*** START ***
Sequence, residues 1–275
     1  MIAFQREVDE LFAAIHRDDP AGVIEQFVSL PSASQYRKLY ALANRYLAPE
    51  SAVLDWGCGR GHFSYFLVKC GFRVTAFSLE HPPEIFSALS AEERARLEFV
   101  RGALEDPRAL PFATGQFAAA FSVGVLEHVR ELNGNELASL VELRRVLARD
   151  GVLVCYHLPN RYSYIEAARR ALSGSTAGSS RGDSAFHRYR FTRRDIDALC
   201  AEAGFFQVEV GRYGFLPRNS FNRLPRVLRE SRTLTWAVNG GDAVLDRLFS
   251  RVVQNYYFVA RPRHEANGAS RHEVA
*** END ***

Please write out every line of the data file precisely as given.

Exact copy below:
Sequence, residues 1–275
     1  MIAFQREVDE LFAAIHRDDP AGVIEQFVSL PSASQYRKLY ALANRYLAPE
    51  SAVLDWGCGR GHFSYFLVKC GFRVTAFSLE HPPEIFSALS AEERARLEFV
   101  RGALEDPRAL PFATGQFAAA FSVGVLEHVR ELNGNELASL VELRRVLARD
   151  GVLVCYHLPN RYSYIEAARR ALSGSTAGSS RGDSAFHRYR FTRRDIDALC
   201  AEAGFFQVEV GRYGFLPRNS FNRLPRVLRE SRTLTWAVNG GDAVLDRLFS
   251  RVVQNYYFVA RPRHEANGAS RHEVA